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12

Probably for continuity. The translation philosophy of the NKJV version was to essentially follow the original King James Version but update the language. They did realize that there was textual discrepencies. That particular passage included words found in later Greek editions of the text but not in earlier editions. Regarding textual discrepancies of ...


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James 1:1 In James 1:1 we read: James, a bondservant of God and of the Lord Jesus Christ, To the twelve tribes which are scattered abroad: Greetings. (Jam 1:1 NKJ) This introductory greeting informs the readers that the writer is called 'James' and he considers himself to be a slave of both God and the Lord Jesus Christ. In itself, this greeting ...


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The New Bible Dictionary states: For centuries both Judaism and Christianity accepted without question the biblical tradition that Moses wrote the Pentateuch. Ben-Sira (Ecclus. 24:23), Philo (Life of Moses 3. 39), Josephus (Ant. 4.326), the Mishnah (Pirqê Abôth 1. 1), and the Talmud (Baba Bathra 14b) are unanimous in their acceptance of the ...


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A book which is not finished at the time a writer dies does not alter his status as the author of the rest of the work. Some extra-Biblical examples: “Bill Budd” was written by Herman Melville; “A Moveable Feast” by Ernst Hemingway; “A Death in the Family” by James Agee. These were finished by someone other than the author; yet all are considered as written ...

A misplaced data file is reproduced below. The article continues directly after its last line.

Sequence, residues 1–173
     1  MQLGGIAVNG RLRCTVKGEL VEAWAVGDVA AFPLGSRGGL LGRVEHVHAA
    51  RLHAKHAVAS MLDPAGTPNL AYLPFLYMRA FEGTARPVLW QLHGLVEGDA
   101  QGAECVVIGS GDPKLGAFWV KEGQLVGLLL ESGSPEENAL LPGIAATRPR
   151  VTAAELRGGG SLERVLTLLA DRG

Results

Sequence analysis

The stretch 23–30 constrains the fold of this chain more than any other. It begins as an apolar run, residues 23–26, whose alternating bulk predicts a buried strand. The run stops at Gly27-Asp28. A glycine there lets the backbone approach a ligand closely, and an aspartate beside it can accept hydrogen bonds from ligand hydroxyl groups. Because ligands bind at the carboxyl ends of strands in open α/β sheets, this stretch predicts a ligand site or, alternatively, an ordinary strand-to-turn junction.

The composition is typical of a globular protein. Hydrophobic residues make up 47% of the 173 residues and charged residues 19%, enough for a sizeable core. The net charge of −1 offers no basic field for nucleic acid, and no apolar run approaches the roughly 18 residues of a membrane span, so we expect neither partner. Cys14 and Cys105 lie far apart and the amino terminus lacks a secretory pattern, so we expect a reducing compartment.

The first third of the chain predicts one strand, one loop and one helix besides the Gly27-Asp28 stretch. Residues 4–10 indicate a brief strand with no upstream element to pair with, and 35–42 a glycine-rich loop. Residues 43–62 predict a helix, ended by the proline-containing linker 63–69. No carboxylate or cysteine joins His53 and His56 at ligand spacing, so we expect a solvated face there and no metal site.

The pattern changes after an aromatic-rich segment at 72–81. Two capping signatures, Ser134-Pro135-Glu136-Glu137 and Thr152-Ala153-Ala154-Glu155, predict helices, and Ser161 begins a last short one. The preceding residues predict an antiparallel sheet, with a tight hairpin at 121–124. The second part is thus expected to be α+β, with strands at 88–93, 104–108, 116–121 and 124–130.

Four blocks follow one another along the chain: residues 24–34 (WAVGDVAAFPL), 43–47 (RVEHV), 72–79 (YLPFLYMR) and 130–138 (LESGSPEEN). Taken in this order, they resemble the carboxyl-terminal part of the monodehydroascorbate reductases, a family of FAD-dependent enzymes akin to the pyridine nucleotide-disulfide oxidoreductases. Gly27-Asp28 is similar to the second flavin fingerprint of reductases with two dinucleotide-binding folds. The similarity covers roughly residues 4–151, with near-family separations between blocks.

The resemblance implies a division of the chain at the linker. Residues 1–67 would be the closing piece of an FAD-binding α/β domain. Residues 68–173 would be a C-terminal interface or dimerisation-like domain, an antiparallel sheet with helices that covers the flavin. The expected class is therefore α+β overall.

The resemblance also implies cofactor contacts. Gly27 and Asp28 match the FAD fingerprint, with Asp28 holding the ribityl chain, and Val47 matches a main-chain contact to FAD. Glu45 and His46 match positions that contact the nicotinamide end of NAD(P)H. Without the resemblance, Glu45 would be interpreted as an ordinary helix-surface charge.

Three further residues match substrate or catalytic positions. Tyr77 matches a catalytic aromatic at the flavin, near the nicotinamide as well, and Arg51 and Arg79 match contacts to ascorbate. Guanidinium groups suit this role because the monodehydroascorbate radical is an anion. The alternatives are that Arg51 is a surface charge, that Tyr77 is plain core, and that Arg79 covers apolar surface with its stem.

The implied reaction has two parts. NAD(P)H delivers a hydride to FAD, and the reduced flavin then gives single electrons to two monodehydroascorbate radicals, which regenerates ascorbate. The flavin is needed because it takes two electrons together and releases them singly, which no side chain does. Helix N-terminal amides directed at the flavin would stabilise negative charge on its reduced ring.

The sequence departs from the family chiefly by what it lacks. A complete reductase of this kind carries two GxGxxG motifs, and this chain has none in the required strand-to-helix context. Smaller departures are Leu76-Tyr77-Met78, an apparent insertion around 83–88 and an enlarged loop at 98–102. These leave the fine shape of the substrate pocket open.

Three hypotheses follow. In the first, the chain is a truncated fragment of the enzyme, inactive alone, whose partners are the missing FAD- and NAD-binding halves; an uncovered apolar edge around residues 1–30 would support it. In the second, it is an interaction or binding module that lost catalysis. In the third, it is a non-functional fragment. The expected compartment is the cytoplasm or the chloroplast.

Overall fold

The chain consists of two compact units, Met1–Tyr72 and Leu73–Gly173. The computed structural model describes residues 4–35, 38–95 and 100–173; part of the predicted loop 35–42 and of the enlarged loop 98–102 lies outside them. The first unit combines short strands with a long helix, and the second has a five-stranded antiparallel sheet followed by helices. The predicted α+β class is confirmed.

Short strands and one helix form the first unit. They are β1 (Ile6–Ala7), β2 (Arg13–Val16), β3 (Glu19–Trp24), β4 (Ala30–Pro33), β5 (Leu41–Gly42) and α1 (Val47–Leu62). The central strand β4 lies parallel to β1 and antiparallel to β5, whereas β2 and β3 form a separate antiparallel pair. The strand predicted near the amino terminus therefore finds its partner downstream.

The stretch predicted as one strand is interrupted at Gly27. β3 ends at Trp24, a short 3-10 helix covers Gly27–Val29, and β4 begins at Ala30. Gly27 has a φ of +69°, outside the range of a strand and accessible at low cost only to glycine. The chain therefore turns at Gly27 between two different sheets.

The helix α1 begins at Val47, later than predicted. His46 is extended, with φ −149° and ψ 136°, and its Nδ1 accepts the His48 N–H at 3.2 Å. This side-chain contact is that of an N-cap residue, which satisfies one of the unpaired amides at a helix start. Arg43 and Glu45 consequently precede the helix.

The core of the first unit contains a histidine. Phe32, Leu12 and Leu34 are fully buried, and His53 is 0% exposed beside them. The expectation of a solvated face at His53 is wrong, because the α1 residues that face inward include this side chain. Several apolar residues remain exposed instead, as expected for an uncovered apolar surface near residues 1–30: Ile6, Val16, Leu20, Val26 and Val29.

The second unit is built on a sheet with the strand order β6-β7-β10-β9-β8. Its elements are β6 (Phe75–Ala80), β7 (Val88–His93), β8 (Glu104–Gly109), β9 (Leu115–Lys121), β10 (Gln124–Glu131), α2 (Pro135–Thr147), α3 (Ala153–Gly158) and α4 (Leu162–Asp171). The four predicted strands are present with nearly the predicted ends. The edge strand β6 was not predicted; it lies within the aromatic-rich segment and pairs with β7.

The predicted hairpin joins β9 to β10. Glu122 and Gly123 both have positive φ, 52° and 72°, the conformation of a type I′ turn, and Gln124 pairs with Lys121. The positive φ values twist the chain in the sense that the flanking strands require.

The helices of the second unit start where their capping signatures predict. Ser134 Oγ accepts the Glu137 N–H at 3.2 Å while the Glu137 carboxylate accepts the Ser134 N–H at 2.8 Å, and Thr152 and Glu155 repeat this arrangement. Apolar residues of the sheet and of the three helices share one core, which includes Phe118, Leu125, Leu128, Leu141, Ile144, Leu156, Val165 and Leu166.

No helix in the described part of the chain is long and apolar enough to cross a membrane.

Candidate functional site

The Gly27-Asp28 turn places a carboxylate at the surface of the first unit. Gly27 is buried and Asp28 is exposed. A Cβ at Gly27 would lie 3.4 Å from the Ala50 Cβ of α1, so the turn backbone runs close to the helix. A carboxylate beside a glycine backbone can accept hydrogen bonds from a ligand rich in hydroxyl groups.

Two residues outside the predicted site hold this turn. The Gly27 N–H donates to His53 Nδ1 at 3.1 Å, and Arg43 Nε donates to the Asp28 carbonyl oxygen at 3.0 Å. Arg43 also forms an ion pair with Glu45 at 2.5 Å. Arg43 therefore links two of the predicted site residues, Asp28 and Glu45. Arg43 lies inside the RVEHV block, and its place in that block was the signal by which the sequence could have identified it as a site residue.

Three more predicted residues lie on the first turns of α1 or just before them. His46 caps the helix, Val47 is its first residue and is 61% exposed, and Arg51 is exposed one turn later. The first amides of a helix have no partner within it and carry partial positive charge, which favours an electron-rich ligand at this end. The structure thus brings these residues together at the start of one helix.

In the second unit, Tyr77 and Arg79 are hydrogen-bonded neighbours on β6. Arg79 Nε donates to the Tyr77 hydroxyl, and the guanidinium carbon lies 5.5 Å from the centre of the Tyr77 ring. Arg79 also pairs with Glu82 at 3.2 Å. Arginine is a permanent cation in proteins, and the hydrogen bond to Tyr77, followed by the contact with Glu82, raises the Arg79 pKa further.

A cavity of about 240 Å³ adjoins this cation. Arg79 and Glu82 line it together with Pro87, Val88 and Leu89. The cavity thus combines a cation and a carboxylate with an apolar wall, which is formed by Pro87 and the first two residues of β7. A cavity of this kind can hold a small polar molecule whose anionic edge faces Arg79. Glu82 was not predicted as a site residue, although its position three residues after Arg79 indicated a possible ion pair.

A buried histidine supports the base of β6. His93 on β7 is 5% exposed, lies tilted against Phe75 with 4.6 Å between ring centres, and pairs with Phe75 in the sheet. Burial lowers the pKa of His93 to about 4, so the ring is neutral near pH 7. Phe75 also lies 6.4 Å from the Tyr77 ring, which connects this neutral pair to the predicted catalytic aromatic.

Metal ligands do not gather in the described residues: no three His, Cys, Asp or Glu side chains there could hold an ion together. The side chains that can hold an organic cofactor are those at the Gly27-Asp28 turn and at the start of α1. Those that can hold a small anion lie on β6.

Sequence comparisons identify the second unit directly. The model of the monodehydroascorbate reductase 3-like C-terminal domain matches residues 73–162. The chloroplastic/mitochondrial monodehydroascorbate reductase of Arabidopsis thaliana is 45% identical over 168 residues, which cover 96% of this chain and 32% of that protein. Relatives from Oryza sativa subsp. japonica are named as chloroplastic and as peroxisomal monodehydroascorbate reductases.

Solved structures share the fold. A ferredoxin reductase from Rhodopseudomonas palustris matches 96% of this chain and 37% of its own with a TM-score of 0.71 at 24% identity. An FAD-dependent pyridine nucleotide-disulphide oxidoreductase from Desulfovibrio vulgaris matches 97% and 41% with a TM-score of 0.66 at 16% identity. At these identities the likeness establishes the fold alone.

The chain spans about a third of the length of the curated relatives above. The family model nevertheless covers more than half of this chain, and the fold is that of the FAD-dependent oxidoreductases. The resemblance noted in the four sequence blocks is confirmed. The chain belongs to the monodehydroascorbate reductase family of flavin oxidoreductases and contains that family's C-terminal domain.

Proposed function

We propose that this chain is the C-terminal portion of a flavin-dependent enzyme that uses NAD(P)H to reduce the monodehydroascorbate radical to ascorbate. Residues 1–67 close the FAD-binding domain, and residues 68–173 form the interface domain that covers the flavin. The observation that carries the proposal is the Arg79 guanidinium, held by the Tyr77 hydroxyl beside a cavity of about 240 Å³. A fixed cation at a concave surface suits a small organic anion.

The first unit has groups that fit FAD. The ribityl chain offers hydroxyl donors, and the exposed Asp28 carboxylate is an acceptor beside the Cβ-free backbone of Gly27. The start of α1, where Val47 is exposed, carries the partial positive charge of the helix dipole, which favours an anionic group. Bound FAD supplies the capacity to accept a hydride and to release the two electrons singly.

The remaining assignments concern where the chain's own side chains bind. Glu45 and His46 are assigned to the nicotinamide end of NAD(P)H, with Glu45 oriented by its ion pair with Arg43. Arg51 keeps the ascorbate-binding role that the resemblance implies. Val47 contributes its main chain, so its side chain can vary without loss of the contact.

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All the books of the Pentateuch have traditionally been attributed to Moses, who is the leading character in four of them, excluding Genesis. It is thought that only Moses could have known the events in those four books, and also that God must have told him what to write in the Book of Genesis. Then, as early as 1520, the German theologian Andreas Rudolf ...


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The New Testament gospels were not written to be historical books. Subsequent scribes did not in general attempt to ensure changes were not introduced.. Starting with Mark's Gospel, Rhoads, Joanna Dewey and Donald Michie say in Mark as Story (third ed, page 5) Mark should be read as story rather than as history. They say (page 1), the composer of this ...



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